X Factor's Wagner now - inside his home, body transformation and hired for stag dos
Walking into the home of one of The X Factor's greatest ever contestants is a very surreal experience.
It's been 12 years since the world was introduced to Wagner - and no one has come close to being as entertaining since he burst onto our screens.
With his flamboyant dress sense and long hair, the Brazilian singing sensation had viewers watching in their millions during the peak of the show's success.
It nearly didn't happen as he initially did not make it through to the live shows, but the former PE teacher was given a lifeline when Louis Walsh sensationally brought him back to his over 28s category.
The singer, whose full name is Wagner Fiuza-Carillho, became famous for combining classic songs into one memorable performance, such as She Bangs and Love Shack.
Fast-forward a decade and a bit, and what's most striking about Wagner when you see him in the flesh now is his tiny moustache has been replaced by a massive white beard.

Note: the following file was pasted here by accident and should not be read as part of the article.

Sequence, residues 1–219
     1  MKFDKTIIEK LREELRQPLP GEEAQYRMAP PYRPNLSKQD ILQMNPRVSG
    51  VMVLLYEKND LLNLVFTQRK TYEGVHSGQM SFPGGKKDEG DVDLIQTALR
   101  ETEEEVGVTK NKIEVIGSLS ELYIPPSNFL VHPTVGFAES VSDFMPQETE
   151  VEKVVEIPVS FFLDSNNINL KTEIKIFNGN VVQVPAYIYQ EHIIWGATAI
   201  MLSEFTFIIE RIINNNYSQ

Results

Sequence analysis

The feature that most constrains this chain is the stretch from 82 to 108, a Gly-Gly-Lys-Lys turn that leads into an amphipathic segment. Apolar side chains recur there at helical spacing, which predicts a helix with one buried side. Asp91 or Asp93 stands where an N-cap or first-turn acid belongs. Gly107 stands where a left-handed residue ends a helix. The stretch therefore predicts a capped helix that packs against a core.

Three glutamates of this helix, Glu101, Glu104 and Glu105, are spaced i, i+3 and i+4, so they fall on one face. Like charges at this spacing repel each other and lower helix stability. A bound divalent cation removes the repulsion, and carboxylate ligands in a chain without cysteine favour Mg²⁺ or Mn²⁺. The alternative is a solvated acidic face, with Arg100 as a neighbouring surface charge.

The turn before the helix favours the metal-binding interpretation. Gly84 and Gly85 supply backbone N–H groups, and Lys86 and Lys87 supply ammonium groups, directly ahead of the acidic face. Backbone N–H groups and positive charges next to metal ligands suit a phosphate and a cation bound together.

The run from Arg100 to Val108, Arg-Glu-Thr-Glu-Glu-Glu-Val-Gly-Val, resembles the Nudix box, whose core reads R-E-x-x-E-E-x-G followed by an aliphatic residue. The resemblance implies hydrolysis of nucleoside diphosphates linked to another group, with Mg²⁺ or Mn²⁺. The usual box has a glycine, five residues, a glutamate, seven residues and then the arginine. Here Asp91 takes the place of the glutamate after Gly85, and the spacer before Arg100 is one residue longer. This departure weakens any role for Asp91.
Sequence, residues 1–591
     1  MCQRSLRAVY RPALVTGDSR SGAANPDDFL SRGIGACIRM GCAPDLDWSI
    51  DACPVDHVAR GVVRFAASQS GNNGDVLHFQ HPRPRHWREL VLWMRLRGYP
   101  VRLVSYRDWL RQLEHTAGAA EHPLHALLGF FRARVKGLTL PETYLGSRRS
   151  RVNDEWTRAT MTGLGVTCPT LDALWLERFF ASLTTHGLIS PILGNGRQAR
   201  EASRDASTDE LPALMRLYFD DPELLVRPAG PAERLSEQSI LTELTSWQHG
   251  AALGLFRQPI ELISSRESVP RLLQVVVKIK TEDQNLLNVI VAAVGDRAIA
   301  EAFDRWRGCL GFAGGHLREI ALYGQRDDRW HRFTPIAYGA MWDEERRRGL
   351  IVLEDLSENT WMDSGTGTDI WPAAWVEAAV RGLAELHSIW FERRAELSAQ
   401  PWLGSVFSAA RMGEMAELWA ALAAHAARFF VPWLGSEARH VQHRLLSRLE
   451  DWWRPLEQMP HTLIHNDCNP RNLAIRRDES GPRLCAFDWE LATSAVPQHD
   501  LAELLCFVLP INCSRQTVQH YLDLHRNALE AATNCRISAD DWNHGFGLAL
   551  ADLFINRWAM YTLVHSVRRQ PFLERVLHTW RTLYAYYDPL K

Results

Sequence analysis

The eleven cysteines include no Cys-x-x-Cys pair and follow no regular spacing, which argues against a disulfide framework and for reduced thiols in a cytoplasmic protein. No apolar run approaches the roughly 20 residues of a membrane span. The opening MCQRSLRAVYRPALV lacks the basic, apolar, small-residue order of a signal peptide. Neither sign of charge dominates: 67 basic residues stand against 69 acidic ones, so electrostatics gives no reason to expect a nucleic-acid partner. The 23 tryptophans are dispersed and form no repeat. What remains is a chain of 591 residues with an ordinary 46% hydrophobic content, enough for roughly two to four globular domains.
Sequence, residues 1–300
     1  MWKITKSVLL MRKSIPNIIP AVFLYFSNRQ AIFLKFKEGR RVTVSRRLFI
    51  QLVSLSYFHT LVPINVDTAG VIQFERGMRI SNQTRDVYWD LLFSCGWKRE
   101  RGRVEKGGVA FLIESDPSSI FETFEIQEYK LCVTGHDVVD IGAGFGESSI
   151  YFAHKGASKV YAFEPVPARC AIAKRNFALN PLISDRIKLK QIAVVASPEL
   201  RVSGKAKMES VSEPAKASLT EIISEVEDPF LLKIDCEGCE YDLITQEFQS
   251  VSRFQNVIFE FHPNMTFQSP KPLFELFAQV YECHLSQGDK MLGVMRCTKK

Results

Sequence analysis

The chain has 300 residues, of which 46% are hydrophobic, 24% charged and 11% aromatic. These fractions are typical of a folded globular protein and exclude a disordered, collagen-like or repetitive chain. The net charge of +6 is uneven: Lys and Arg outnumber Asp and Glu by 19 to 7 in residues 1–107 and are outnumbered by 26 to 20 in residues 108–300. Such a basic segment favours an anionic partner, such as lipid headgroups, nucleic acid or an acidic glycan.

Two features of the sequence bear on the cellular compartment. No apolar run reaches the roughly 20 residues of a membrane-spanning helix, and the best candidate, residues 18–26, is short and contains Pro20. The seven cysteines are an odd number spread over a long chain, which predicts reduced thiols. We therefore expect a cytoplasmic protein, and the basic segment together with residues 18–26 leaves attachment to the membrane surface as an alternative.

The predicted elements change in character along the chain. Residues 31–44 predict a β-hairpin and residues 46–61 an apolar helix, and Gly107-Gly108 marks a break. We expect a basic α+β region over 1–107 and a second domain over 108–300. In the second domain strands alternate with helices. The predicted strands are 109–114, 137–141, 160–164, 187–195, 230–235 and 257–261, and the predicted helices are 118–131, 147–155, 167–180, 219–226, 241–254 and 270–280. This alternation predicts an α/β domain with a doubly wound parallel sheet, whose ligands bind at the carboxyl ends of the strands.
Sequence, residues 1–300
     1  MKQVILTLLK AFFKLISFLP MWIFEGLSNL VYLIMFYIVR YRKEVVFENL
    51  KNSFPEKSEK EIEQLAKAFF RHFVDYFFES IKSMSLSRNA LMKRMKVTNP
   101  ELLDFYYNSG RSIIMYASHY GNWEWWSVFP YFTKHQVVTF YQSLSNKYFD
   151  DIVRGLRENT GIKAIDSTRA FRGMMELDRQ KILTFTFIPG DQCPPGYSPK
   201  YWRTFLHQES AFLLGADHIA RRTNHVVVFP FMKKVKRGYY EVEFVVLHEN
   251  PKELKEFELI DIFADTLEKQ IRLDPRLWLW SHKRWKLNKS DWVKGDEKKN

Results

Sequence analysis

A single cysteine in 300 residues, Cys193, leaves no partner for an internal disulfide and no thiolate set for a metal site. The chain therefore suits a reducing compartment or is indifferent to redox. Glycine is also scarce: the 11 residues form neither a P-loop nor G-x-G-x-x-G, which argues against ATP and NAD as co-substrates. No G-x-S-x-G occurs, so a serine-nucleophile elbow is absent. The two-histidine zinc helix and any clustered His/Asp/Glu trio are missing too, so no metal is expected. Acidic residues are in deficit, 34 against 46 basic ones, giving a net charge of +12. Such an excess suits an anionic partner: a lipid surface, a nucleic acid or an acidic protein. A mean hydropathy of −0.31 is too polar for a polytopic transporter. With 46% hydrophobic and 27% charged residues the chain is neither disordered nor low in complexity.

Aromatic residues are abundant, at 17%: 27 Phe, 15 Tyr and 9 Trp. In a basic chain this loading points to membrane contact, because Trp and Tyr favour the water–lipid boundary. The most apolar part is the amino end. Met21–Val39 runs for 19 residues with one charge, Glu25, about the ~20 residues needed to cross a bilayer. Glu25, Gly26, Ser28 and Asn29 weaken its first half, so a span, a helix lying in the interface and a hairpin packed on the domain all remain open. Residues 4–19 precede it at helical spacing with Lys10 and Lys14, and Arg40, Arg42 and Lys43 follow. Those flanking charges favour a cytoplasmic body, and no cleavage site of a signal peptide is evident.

Get the news you want straight to your inbox. Sign up for a Mirror newsletter here .
Wagner looks drastically different to how he did on The X Factor - and blames the great food they provided and lack of privacy as a reason for putting on weight back in 2010.
"When I went I was skinny. While I was on the show I couldn’t train or jog. I couldn’t go jogging on the street," he tells us.
"I put weight on very easily, as I was eating good food and couldn’t exercise, soon I built up a belly that took me a lot of hard work to get rid of."
Wagner, whose hobbies are body building kand karate, goes to the gym six or seven days a week but has recently been put out of action by an injury.
He suffered from carpal tunnel syndrome which left him unable to clench a fist or tie his shoelaces, but is recovering after having an operation on his hand.
The former PE teacher, who has been living in the UK for 30 years, lives just outside Birmingham with partner Lydia and their two children.
While standing beside the golden gates outside his house, a fan drives past honking his horn at the X Factor star, which is indicative of his continued popularity.
"When I went on The X Factor I was only expecting to say I had beee on the show to get jobs singing in pubs," he admits.
"I never thought I was going to become that known. Nearly everyone knows who I am."
Inside Wagner's warm home are a lot of links to his X Factor past, including a pair of Ray-Ban sunglasses that he was given by One Direction's Zayn Malik.
Despite his staggering, colourful hat collection, Wagner admits he is more reserved thesedays and always goes dressed in black now.